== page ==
“We must strive to support physical education and sports in elementary and high schools, in factories, on farms, among cooperatives and all mass organization chapters,” stated Fidel at the end of the National Plenary as he looked toward the future, and toward launching a movement that would erase the picture inherited from Cuba’s capitalist past, where only 0.25% of the population practiced a sport.
It was important to “spark the population’s interest in sports, which had been frustrated in the past, considered an activity off-limits to humble people,” stated the then Prime Minister.
The CVDs were also tasked with opening sports up to women in different disciplines, and promoting exercise among the population, an initiative which saw the introduction of physical efficiency tests also known as LPVs (Listos Para Vencer – Ready to Overcome) and the common Fisminutos, during which staff would get together briefly in their workplace every day to exercise.
Fidel was convinced that “it is impossible for a mass sporting movement like the one occurring in Cuba, not to produce an extraordinary number of genuine athletes.” And he wasn’t wrong, as Cuba’s successful results in the Central American and Caribbean, Pan American, and Olympic Games, to cite just a few multi-discipline events, have shown.
Today, with the global expansion of scientific-technical innovations in sports, and at a time when participation in international events has become more expensive, Inder is gradually contracting its athletes to compete for foreign clubs where, it is believed, they will be provided with the necessary conditions to reach their full potential, and at the same time improve their economic situation, all the while adhering to the guiding principles of Cuba’s sporting policy. What is more, shortcomings still exist with regard to organizing national championship competitions, which have been called on not only to contribute toward improving the health of youngsters, but also boosting the numbers of potential high-performance athletes.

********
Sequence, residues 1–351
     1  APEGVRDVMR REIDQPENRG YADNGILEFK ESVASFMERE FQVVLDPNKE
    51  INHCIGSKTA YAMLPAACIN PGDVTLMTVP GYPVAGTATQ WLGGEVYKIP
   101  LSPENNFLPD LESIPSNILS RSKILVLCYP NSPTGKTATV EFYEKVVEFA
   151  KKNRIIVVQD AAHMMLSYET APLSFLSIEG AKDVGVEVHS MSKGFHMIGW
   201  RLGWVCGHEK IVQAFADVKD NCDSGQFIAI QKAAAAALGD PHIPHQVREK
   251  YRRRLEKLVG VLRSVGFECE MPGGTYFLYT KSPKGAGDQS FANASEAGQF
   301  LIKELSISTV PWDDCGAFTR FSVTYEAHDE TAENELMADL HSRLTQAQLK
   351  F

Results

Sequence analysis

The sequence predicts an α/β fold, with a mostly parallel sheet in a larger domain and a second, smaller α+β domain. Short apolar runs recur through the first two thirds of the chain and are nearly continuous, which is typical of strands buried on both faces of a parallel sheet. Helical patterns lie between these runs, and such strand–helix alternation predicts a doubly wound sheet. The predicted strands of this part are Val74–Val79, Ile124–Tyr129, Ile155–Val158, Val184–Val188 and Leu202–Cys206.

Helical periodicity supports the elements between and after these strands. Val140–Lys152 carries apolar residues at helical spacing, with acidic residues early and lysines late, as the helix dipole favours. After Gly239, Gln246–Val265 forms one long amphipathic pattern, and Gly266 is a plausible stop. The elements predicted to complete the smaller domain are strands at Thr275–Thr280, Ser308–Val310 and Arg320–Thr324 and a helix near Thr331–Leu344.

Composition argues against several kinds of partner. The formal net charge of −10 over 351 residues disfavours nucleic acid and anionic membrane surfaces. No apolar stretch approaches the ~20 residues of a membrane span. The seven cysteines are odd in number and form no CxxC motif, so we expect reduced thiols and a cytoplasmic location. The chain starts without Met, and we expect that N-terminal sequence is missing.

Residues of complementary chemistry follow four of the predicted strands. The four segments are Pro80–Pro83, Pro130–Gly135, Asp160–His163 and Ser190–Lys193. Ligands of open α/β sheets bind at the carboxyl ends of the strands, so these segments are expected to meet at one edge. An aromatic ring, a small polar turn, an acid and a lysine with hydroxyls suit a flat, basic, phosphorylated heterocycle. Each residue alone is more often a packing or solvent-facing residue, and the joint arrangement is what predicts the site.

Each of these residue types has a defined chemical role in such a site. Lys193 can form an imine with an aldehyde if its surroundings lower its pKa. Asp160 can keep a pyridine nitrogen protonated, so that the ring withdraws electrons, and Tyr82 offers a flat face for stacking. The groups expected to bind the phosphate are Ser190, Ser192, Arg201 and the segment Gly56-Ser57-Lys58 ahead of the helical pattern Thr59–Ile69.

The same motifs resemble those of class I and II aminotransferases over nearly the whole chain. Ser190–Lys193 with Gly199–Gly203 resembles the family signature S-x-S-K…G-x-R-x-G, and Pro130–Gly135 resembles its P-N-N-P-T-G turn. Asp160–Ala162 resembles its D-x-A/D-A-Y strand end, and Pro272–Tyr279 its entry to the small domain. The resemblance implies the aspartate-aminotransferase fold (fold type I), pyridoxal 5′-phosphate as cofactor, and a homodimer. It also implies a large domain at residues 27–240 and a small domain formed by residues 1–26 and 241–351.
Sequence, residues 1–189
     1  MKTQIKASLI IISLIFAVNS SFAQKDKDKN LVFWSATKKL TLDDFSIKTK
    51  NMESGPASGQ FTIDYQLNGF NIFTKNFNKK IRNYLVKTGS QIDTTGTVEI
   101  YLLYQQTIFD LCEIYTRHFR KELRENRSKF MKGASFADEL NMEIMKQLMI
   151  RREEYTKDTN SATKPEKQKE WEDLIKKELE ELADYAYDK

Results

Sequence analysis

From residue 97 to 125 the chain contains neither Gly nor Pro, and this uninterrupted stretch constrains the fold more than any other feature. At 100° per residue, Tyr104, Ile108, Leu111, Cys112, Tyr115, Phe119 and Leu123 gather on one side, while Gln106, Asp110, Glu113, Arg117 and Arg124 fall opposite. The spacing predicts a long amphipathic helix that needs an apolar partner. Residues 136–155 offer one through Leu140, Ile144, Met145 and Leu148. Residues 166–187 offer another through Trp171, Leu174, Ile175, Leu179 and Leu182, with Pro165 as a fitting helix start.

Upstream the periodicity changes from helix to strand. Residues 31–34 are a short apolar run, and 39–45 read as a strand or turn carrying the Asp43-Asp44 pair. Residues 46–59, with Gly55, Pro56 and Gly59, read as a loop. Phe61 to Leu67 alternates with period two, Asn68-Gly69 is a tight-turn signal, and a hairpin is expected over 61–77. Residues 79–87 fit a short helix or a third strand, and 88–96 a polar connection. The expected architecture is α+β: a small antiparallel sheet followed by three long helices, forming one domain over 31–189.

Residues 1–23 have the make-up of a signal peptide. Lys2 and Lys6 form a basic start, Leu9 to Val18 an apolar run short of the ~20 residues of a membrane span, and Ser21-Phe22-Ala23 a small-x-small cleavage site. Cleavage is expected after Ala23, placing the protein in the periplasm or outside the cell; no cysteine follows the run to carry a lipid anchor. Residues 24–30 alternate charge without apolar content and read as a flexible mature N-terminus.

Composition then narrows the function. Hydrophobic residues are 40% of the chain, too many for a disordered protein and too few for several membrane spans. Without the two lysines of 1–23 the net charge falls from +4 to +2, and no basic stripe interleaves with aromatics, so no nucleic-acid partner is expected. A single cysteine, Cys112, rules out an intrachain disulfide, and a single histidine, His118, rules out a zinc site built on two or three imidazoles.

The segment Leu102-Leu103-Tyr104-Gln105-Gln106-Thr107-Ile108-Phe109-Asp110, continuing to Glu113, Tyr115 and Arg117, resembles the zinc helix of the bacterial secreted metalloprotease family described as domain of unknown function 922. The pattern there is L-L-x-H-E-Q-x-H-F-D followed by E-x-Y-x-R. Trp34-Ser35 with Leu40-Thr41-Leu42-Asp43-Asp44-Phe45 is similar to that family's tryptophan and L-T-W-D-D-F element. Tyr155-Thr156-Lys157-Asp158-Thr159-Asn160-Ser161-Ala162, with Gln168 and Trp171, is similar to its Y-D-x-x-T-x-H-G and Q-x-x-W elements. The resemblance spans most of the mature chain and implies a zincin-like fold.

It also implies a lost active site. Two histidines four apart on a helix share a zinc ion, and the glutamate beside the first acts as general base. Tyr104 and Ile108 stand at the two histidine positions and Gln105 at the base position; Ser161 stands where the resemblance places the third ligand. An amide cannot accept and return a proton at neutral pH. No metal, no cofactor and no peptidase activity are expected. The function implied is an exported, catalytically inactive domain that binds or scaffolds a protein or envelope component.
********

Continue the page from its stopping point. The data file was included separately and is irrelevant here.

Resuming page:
The preservation of human values was a subject which concerned Fidel throughout his life, and one he believed collective work to be essential; because sport “teaches us to strive, to be disciplined, to work in a team, because that is how sports are generally played, in a team, and that’s how we learn to work together,” he stated.
Fidel loved sports. It was something that he lived and felt, accompanying and enjoying Cuba’s feats in countless competitions. His everlasting example can be summed up well in one of his remarks from the closing ceremony of Inder’s National Plenary in 1961: “This is why sports is such a fantastic activity, which not only supports physical health, but also helps to build character, not only helps to forge people of strong body and spirit, but also nourishes the people, occupies the people, motivates the people, and makes the people happy.”
Later, November 19 became National Physical Education and Sports Day.